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Christiaan L.E. Paffen, Susan Pas, Ryota Kanai, Frans A.J. Verstraten; A model for the contribution of local and global gains to the motion aftereffect. Journal of Vision 2002;2(7):384. doi: https://doi.org/10.1167/2.7.384.
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© ARVO (1962-2015); The Authors (2016-present)
Snowden & Milne (1997, Curr. Biol., 7, 717–722) reported evidence for the existence of higher level — complex motion — detectors. They used a radial stimulus divided in quadrants where only two quadrants (e.g. quadrant 1 and 3) contained moving dots. Apart from the classic motion aftereffect (MAE) in the quadrants that actually contained moving dots, they showed that motion adaptation could be measured for (locally) non-adapted locations also. This phenomenon is known as a phantom MAE. It is likely that this indicates a global gain. Interestingly, the threshold elevation for the non-adapted locations was smaller than for the locally adapted regions.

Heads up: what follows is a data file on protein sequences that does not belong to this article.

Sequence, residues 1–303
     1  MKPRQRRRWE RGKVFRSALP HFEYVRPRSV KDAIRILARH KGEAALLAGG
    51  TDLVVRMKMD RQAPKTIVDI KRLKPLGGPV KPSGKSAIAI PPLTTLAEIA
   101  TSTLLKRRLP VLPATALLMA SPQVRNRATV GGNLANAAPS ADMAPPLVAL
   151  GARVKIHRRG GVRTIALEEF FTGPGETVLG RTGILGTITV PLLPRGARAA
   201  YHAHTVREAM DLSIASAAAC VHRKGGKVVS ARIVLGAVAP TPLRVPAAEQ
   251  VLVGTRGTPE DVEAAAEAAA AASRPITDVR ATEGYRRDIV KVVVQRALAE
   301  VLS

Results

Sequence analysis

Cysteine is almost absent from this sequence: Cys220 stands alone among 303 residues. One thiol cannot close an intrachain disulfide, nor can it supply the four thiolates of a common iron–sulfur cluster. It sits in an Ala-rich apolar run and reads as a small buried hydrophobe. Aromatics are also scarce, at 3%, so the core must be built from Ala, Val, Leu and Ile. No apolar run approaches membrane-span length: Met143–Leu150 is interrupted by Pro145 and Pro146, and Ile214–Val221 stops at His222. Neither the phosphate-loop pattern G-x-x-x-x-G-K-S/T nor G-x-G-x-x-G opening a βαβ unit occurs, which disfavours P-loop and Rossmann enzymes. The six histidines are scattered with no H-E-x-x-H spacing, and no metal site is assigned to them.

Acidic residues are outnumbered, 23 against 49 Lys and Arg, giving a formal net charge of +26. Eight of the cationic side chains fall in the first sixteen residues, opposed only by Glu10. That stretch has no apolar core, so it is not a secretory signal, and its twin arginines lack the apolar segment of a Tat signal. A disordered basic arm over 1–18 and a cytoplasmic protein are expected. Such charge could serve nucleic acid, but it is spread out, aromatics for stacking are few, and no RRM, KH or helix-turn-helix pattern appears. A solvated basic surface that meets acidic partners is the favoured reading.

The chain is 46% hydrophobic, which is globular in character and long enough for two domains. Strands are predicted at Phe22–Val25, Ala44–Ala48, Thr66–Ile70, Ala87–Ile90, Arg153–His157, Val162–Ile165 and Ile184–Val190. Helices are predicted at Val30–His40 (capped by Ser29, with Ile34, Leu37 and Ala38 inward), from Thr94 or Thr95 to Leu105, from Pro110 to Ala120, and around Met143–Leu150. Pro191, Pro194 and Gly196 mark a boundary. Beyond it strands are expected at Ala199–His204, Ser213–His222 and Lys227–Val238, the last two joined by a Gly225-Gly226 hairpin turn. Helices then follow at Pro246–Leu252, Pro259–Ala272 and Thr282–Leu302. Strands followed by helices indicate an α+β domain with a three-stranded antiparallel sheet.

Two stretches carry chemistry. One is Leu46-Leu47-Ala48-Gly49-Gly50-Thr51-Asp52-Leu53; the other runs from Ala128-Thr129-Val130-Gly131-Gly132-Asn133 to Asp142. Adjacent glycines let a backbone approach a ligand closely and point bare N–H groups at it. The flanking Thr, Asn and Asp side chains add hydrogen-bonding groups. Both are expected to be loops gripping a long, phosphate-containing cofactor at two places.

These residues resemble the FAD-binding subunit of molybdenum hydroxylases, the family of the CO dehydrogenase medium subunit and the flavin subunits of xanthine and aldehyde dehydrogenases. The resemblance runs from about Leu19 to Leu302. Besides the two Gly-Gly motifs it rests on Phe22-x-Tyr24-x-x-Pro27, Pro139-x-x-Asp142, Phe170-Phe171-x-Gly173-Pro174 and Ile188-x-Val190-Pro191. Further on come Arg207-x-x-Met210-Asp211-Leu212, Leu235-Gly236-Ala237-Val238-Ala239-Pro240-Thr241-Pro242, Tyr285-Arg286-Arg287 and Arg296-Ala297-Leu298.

The starting point of this study was to gain more insight in the mechanisms underlying this difference. We tested a linear model where we assumed that the coherence threshold for the directly adapted regions is a product of the setting of the gains of the local motion sensors plus the gain of the global system. This opens up a way to quantify the contribution of the local gains: in the areas that were not directly stimulated, the threshold elevation is due to the setting of the global gain only, whereas the threshold in the stimulated part is due to both the local as well as the global gain. As a result the value of the local gain is the coherence threshold for the adapted region minus the threshold value in the phantom area.
This model opens up possibilities to quantify the contribution of even higher order mechanisms like attention. For example, by paying attention to only one of the quadrants (either containing motion or not).
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